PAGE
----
By Casey O’Loughlin, Star2Star
As businesses look to supercharge their customer service strategies, Customer Relationship Management (CRM) systems have become foundational for their quest. CRM systems often serve as the building block for winning over, helping, and creating repeat customers. However, there are a few common pitfalls to avoid when implementing CRM systems. Here are three main ways to avoid them.
Focus On User Adoption
All too often, businesses will implement a shiny new software system, only to quickly have it become a wasted investment because employees don’t use it. Make sure that when evaluating CRM systems, you choose one with an intuitive user interface, useful tools that help workers do their jobs more effectively, and a way to easily get data into the system. Investing in user training as part of the implementation should be a top priority too.
Social & Mobile Integration
Make sure any system has emerging channel integration—especially mobile and social. Mobility is critical given that we live in the age of the borderless office; mobile clients will give employees and salespeople a way to be responsive and tap the information they need wherever they are, improving customer satisfaction. On the social front, businesses need to intelligently listen to their customers. Active engagement via Facebook, Twitter, and other social outlets help create long-term relationships while generating invaluable customer insights that can be used to improve the customer experience and drive more sales and loyalty. If your CRM isn’t capturing the corner of your customer strategy world, you’re ultimately hurting your organization’s bottom line.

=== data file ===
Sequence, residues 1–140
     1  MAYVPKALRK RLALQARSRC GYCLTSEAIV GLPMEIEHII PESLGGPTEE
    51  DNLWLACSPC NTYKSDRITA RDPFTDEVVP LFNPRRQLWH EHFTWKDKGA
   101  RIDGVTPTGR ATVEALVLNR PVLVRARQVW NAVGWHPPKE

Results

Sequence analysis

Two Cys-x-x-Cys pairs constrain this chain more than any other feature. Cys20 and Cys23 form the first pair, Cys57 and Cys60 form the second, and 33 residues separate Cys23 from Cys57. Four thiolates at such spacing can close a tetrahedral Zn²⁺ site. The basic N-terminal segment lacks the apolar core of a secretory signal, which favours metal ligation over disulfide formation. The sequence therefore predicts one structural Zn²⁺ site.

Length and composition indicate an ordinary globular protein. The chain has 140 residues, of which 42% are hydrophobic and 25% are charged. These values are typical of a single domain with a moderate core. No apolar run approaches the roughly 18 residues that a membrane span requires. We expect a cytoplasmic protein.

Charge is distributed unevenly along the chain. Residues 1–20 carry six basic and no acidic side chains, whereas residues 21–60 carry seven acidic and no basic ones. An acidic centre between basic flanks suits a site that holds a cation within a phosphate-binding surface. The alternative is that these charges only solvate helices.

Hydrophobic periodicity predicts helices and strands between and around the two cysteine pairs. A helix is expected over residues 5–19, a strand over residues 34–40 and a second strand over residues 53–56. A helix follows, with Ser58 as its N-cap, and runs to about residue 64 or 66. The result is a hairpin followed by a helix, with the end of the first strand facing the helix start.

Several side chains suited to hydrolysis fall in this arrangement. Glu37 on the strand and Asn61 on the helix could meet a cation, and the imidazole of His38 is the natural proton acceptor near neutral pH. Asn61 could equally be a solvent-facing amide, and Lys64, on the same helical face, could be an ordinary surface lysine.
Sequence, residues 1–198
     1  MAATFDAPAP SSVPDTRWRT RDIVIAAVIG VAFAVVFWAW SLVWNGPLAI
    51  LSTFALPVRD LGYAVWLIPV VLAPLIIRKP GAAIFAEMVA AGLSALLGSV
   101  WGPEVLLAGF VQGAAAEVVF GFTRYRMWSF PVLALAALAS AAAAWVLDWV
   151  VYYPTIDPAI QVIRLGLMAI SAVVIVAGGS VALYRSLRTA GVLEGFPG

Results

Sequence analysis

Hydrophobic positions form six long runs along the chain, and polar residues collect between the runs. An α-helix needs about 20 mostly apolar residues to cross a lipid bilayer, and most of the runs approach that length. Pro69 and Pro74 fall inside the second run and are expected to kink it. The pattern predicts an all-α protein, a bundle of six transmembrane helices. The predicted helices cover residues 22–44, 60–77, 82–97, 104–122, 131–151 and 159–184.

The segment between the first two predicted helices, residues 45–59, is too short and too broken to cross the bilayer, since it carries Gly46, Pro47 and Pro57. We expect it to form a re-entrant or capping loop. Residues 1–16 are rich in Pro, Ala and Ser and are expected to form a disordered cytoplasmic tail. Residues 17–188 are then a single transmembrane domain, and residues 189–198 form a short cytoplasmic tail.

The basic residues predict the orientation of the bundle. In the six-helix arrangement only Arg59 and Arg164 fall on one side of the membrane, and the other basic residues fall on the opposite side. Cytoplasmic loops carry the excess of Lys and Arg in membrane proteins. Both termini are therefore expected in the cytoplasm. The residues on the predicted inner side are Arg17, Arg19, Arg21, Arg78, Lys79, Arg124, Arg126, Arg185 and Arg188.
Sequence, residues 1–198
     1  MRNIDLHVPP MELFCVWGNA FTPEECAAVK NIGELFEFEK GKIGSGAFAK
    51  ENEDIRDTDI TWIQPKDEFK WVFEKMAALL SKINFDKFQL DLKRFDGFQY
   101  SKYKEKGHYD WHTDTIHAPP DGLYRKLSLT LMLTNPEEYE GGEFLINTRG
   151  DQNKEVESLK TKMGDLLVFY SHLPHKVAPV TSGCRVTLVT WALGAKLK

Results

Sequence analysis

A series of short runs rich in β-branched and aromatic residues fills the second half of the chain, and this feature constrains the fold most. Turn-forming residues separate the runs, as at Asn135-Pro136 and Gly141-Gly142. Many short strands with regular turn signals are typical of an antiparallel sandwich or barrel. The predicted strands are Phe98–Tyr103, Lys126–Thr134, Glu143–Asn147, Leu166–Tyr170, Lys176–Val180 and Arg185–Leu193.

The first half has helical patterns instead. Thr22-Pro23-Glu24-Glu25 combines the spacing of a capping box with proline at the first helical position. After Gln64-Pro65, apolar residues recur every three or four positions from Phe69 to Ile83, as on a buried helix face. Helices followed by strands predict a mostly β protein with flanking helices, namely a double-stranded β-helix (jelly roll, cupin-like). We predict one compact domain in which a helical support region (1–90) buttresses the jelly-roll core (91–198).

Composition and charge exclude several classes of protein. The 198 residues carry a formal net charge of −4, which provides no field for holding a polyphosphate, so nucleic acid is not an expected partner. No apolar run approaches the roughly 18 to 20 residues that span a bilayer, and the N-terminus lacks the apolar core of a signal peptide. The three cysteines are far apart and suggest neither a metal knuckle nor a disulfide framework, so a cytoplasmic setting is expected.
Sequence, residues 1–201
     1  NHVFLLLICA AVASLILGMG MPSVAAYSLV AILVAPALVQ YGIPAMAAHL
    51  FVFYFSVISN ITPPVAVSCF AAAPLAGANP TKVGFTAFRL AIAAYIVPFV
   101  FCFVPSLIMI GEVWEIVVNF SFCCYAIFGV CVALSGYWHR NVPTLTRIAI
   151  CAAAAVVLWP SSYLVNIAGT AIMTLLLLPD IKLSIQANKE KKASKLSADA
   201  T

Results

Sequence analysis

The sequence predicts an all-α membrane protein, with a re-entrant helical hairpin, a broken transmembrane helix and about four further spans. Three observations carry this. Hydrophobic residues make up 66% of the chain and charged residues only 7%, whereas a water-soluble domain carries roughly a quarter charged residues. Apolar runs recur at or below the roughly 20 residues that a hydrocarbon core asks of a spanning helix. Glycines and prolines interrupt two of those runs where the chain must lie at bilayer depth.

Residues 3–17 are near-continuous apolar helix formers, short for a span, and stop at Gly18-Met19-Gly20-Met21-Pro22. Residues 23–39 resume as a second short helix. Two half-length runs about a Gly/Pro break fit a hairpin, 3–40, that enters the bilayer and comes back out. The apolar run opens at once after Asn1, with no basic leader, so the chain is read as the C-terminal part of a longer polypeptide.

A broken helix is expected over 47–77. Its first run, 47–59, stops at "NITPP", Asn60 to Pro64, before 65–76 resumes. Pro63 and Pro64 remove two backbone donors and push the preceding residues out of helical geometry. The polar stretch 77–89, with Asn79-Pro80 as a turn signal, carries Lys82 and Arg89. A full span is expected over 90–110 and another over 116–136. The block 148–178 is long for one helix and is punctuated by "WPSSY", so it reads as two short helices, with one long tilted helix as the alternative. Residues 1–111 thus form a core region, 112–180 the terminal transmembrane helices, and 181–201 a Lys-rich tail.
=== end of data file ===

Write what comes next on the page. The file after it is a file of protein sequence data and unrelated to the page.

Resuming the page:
Integration With Other Systems
To optimize a CRM investment, integration with other systems such as a Unified Communications (UC) platform will help drive value. For instance, according to Aberdeen Research, companies who integrate their email platform with their CRM system see year-over-year revenue gains of 22.7 percent vs. 13.4 percent for companies who don’t. Being able to unite customer information across silos (trouble tickets, sales opportunities, details from customer interactions, etc.) along with contact details, the contact center platform, and the office phone system creates a seamless work environment where it becomes possible to put the customer at the center of your business.
Bottom line? CRM systems can be critical tools for businesses as they look for ways to support long-term revenue and customer loyalty goals. But usability and having the right features make the difference between achieving that vision or watching it gather dust.